What makes your helicopters different from the other helicopters for sale on the grid? Where do they stand out?
The most unique part of my helicopters is the scripting. Being both an RL helicopter pilot and computer scientist gives me a unique understanding of how helicopters should behave, and the skill set to implement that understanding in SL. While LSL provides a built-in vehicle engine, I knew early on that I would not be able to get the behavior I wanted with limitations of that engine. I also knew that I needed a way to model control position beyond simple on/off which is why I developed my unique HUD system with interactive control positions. I think the main difference between my helicopters and others in SL is that you actually have to fly them, and not just control them. Many of the aspects that an RL pilot considers such as planning ahead, understanding and working within the limitations of the aircraft, etc. are brought to life when flying one of my helicopters.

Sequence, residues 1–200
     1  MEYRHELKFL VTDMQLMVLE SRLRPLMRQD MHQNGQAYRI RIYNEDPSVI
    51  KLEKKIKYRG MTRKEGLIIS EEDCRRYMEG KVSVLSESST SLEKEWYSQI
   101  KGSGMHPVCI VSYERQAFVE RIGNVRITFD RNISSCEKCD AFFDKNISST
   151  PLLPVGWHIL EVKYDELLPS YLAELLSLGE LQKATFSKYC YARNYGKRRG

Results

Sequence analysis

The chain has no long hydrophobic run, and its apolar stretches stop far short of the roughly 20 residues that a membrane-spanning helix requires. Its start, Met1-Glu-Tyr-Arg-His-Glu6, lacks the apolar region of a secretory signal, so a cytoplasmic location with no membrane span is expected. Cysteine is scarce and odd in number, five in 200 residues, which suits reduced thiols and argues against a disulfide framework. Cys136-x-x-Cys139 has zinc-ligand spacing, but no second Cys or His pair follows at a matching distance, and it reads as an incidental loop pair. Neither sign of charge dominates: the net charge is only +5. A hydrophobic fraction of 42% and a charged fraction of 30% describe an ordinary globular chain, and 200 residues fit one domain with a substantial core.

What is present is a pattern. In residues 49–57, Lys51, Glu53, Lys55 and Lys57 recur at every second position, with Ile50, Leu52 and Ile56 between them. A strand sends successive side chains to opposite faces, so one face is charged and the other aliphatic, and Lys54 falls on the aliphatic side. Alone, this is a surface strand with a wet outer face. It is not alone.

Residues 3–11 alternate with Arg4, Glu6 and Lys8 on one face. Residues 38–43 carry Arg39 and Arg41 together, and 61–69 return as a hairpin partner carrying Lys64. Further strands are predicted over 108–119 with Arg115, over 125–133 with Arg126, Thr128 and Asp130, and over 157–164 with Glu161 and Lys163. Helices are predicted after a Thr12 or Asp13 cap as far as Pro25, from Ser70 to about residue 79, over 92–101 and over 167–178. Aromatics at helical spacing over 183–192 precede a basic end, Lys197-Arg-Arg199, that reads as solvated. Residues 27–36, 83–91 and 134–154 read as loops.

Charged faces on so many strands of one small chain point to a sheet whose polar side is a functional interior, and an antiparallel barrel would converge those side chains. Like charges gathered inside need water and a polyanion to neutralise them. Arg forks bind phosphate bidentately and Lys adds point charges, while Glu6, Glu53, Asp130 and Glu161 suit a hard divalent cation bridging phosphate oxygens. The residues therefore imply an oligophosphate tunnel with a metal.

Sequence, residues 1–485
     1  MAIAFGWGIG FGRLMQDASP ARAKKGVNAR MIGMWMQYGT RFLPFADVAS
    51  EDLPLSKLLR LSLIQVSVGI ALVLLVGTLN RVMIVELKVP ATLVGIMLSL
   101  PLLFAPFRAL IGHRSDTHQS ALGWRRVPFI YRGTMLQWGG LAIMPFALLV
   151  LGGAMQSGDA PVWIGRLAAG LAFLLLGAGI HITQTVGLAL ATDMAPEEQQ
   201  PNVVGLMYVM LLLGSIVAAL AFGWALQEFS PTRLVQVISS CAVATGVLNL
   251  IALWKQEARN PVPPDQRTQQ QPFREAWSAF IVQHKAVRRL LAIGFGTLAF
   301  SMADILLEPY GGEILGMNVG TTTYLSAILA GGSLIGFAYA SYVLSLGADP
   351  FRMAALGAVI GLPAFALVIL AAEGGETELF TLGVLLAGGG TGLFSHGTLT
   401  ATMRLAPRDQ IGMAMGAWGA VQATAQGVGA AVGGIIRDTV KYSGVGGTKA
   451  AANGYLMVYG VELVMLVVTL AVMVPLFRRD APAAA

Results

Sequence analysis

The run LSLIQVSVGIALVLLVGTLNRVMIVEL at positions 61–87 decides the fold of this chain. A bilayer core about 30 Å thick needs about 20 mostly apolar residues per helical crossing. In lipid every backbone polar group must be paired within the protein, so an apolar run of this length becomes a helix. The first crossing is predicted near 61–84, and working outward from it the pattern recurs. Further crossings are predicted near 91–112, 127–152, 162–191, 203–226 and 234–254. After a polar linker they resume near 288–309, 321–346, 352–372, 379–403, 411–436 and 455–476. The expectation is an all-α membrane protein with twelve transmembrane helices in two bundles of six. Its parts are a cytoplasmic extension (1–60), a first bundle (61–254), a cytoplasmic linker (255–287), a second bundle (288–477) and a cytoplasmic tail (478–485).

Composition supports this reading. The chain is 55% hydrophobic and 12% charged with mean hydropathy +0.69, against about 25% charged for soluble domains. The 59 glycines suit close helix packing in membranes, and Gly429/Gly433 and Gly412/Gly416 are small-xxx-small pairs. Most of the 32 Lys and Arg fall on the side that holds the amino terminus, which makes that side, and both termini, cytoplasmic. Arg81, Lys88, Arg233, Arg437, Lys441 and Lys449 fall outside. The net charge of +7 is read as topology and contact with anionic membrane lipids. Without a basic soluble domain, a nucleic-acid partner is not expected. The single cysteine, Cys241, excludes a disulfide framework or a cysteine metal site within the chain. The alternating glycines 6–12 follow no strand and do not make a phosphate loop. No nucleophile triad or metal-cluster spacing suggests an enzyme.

What other products does Shergood Aviation sell that people might find useful?
Integrated into my transponder system is an ELT (Emergency Locator Transmitter) system. This is a system for detecting when an aircraft has crashed, then sending an alert. Coupled with this are several products include the airport radar, an ELT alarm system, and an RDF (Radio Direction Finder) HUD that can be used for Search and Rescue role-play. The ELT alarm can be placed in headquarters to alert when an aircraft is transmitting an ELT signal, while the RDF is used to search for the downed aircraft. In addition to my search and rescue system are several fire-fighting add-ons to my helicopters including the KellBucket for the H92 and the HeliTank for the Aircrane. Both of these systems are compatible with the popular HD fire system. Finally, one free product that I have introduced fairly recently is the pilot logbook. This is a HUD that automatically detects the aircraft you are sitting in, calculates your flight time and records it on my server where you can see it on a pilot profile page.